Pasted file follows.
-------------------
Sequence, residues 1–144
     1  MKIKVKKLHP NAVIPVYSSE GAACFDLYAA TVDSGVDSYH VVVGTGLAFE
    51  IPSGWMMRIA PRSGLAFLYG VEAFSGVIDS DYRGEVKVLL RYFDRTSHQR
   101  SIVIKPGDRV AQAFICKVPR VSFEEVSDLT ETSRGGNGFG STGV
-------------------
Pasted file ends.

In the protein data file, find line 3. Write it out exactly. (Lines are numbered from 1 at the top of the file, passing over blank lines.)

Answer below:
    51  IPSGWMMRIA PRSGLAFLYG VEAFSGVIDS DYRGEVKVLL RYFDRTSHQR